Fertile lifespan characteristics and all-cause and cause-specific mortality among postmenopausal women: the Rotterdam Study

In a population-based study of postmenopausal women, late age at first andlastbirthwereprotective for mortality, whereas longer maternal lifespan, postmaternal fertile lifespan, and estrogen exposure were harmful.

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Volume 107, Issue 2, Pages 448–456

Authors:

Loes Jaspers, M.D., Maryam Kavousi, M.D., Ph.D., Nicole S. Erler, Dipl.-Stat., Albert Hofman, M.D., Ph.D., Joop S.E. Laven, M.D., Ph.D., Oscar H. Franco, M.D., Ph.D.

Abstract:

Objective

To characterize the relation between established and previously unexplored characteristics of the fertile life with all-cause and cause-specific mortality.

Design

Prospective cohort study.

Setting

Not applicable.

Patient(s)

A total of 4,076 postmenopausal women.

Intervention(s)

Women's fertile lifespan (age at menarche to menopause), number of children, maternal age at first and last child, maternal lifespan (interval between maternal age at first and last child), postmaternal fertile lifespan (interval between age at last child and menopause), lifetime cumulative number of menstrual cycles, and unopposed cumulative endogenous estrogen (E) exposure.

Main Outcome Measure(s)

Registry-based all-cause and cause-specific mortality.

Result(s)

A total of 2,754 women died during 14.8 years of follow-up. Compared with women with 2–3 children, a 12% higher hazard of dying was found for women having 1 child (hazard ratio [HR], 1.12; 95% confidence interval [CI] 1.01–1.24), which became nonsignificant in models adjusted for confounders (HR, 1.08; 95% CI 0.96–1.21). Late age at first and last birth were associated with a 1% lower hazard of dying (HR, 0.99; 95% CI 0.98–1.00). Longer maternal and postmaternal fertile lifespan (HR 1.01; 95% CI 1.00–1.02), longer fertile lifespan (HR 1.02; 95% CI 1.00–1.05), and unopposed cumulative E exposure (HR, 1.02; 95% CI 1.00–1.04) were significantly harmful for all-cause mortality. Findings differed with regard to direction, size, and statistical significance when stratifying for cardiovascular disease, cancer, and other mortality.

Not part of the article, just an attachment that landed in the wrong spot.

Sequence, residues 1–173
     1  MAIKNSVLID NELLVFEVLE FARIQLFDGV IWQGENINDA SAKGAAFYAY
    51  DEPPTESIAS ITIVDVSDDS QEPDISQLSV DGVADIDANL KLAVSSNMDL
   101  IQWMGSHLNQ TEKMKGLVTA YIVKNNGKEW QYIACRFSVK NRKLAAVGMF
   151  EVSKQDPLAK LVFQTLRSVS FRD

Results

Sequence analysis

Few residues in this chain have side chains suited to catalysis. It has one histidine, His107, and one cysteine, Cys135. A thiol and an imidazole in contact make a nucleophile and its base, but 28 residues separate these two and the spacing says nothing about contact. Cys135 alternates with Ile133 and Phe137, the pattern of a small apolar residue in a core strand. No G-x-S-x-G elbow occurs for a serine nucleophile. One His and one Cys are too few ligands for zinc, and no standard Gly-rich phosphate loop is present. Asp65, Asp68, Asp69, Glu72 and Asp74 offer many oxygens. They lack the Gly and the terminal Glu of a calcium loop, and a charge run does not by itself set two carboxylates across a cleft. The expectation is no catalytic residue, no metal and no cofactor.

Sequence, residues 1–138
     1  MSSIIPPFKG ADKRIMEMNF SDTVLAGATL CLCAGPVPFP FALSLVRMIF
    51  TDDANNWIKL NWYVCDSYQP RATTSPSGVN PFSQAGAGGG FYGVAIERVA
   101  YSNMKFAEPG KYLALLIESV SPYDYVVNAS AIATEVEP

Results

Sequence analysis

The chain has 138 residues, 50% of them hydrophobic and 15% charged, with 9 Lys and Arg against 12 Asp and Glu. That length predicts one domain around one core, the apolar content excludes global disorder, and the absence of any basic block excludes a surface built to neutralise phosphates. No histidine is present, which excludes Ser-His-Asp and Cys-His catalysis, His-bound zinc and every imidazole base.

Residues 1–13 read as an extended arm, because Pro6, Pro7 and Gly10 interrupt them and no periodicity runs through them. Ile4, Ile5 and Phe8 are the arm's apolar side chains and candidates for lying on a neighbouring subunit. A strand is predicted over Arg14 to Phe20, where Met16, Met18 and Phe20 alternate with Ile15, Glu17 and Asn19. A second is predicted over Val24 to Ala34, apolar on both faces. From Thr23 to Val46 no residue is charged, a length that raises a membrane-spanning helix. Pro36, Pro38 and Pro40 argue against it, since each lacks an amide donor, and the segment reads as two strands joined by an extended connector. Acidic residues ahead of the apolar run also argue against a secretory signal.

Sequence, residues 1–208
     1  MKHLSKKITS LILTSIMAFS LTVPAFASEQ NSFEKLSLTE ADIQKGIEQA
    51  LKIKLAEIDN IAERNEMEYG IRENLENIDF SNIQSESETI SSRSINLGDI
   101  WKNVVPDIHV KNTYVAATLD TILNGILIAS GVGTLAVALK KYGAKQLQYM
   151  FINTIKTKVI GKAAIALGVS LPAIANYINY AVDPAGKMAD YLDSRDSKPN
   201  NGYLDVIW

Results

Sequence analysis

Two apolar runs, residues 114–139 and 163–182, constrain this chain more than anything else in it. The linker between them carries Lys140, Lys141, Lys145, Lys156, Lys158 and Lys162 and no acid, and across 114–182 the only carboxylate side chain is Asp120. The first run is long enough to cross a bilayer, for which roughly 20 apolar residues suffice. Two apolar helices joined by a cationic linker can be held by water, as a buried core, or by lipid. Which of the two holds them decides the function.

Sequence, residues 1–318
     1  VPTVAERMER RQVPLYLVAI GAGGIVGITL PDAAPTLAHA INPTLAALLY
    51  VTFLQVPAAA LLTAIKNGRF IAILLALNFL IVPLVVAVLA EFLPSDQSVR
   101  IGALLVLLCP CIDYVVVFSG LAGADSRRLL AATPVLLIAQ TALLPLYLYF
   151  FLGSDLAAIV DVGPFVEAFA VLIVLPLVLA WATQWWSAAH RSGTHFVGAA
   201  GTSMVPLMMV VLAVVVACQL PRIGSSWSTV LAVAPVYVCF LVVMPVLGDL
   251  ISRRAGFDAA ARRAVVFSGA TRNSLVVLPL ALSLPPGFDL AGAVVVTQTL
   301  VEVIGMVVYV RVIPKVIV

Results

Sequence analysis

Conclusion(s)

Overall, we found that late first and last reproduction were protective for all-cause mortality, whereas a longer maternal lifespan, postmaternal fertile lifespan, and E exposure were harmful for all-cause mortality. More research is needed in contemporary cohorts with larger sample sizes and more extreme ages of birth.


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Fertility and Sterility

Editorial Office, American Society for Reproductive Medicine

Fertility and Sterility® is an international journal for obstetricians, gynecologists, reproductive endocrinologists, urologists, basic scientists and others who treat and investigate problems of infertility and human reproductive disorders. The journal publishes juried original scientific articles in clinical and laboratory research relevant to reproductive endocrinology, urology, andrology, physiology, immunology, genetics, contraception, and menopause. Fertility and Sterility® encourages and supports meaningful basic and clinical research, and facilitates and promotes excellence in professional education, in the field of reproductive medicine.

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